Mini-tutorials will be organised during the morning of Tuesday, 14 November, 2017 – before the main conference programme starts that afternoon.

Four tutorials are available, and delegates should use the registration page to indicate that they wish to attend none, one or two of these tutorials.

  • Tutorial 1. AdaCore technologies for CENELEC EN 50128 2011 (Presented by Eric Perlade from AdaCore).
  • Tutorial 2. Low cost high-integrity platform (Presented by Thierry Lecomte and Patrick Péronne from ClearSy). 
  • Tutorial 3. Model-Checking a Railway Interlocking System (Presented by Nicolas Breton from Systerel).
  • Tutorial 4. REVEAL: Requirements elicitation, documentation and management approach (Presented by Andrew Hawthorn from Altran). 
A full timetable for the tutorials will appear soon, but please note that the running order is:
Room 1: Tutorial 1; coffee break; Tutorial 4
Room 2: Tutorial 2; coffee break; Tutorial 3
Thus the combination of Tutorials 1 & 2 is not possible, and the same is true for Tutorials 3 & 4. All other selections are permitted. Please specify your selection using the registration page.
Logos tutorials
Tutorial 1. AdaCore technologies for CENELEC EN 50128 2011

Presented by Eric Perlade from AdaCore.

This workshop will be presenting the usage of AdaCore’s technology in conjunction with the CENELEC EN 50128:2011 standard. It will describe where the technology fits the best and how it can be used to meet various requirements of the standard.

AdaCore’s technology revolves around programming activities, as well as the closely-related design and verification activities. This is the bottom of the V cycle as defined by section 5.3 in EN 50128. It is based on the features of the Ada language (highly recommended by table A.15), in particular its 2012 revision, which adds some significant capabilities in terms of specification and verification.

The following tools and technology will then be presented and demonstrated:

  • Ada 2012 language
  • SPARK 2014 language and verification toolset performing formal proof and verification
  • GNAT compiler
  • CodePeer - static analysis tool that identifies potential run-time errors
  • GNATmetric - metric computation tool
  • GNATcheck - coding standard checker
  • GNATdashboard - metric integration and management platform
  • GNATtest - testing framework generator
  • GNATemulator - processor emulator
  • GNATcoverage - structural code coverage checker

Those tools will be presented in relation to the design, implementation, testing andintegration phases.

In addition, the contributions of the technologies to the Software Quality AssurancePlan will also be shown using tables from annex A - Criteria for the Selection of Techniques and Measures.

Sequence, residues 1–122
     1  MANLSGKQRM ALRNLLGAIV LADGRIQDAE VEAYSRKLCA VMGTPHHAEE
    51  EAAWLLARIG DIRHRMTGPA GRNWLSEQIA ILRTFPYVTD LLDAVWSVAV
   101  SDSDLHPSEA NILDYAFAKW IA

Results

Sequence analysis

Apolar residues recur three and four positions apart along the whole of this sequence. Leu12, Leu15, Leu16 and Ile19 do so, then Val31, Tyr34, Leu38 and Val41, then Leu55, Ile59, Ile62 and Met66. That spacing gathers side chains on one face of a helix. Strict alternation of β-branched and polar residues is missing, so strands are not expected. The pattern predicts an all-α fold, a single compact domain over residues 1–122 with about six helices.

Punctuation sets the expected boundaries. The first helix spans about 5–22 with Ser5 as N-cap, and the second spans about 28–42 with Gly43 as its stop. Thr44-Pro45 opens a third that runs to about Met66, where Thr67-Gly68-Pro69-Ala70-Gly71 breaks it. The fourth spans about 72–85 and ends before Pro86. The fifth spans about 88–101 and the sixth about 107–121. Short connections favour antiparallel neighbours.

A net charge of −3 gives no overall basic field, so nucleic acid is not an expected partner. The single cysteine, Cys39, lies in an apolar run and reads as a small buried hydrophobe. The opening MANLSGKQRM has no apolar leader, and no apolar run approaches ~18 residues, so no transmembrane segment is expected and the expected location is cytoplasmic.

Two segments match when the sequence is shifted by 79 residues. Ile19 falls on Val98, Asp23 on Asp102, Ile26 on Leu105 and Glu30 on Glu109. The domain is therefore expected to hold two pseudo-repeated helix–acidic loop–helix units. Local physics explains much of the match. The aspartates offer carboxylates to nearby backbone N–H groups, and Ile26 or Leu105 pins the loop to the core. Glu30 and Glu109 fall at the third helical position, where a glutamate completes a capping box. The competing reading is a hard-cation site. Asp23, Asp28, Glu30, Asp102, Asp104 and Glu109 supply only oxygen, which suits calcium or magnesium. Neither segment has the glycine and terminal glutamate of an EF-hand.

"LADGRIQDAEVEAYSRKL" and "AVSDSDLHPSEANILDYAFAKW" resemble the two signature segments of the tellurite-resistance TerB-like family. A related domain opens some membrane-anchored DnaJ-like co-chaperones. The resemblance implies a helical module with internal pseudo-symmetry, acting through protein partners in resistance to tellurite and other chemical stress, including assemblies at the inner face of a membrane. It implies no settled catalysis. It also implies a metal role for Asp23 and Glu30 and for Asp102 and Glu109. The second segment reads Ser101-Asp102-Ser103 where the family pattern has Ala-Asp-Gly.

The tutorial using some example will be a quick usage guide covering aspects likeboundary value analysis, control flow analysis, data flow analysis, defensive programming, impact analysis and formal methods as referenced in annex D.


Tutorial 2. Low cost high-integrity platform

Presented by Thierry Lecomte and Patrick Péronne from ClearSy.

Low cost high-integrity platform (LCHIP) is a new technology aimed at revolutionizing the development of lightweight safety critical applications, up to SIL4. LCHIP building blocks are already embedded in certified railway applications (platform screen-doors controllers of Stockholm Citybanan and São Paulo L15 metros) and are expected to significantly lower the development and production costs of such systems.

LCHIP is based on two concepts:

  • A unique formal model (B language) of a function, to obtain a safe application embedding two redundant binaries of this function,
  • A low cost high integrity execution platform, to ensure a safe execution through the detection of any divergent behaviour.

LCHIP is also a R&D project started in Q4 2016. The tutorial is the occasion to experiment the first starter kit released by the project, including the formal IDE and the PIC32-based execution platform.

Tutorial 2a

Objectives. During this tutorial, you will:

  • Discover the LCHIP development environment: the IDE and its modelling language, the PIC32-based execution platform,
  • Practice: model software functions, prove them, generate code, upload binaries on target hardware and execute them.


  • Introduction to LCHIP: key concepts,
  • Some bits of B: introduction to the modelling language
  • Programming examples: practice with several small examples

Requirements. Participants are expected to be somehow skilled in software development. Participants also have to bring their own laptop (Windows, Linux, Mac). 


Tutorial 3. Model-Checking a Railway Interlocking System

Presented by Nicolas Breton from Systerel.

Nowadays, Model-Checking has become an efficient technique for demonstrating the safety of critical systems. In the railway industry it is being applied on a number of systems such as ERTMS, RBCs, and CBTCs. However, its best successes have clearly been achieved on interlocking systems.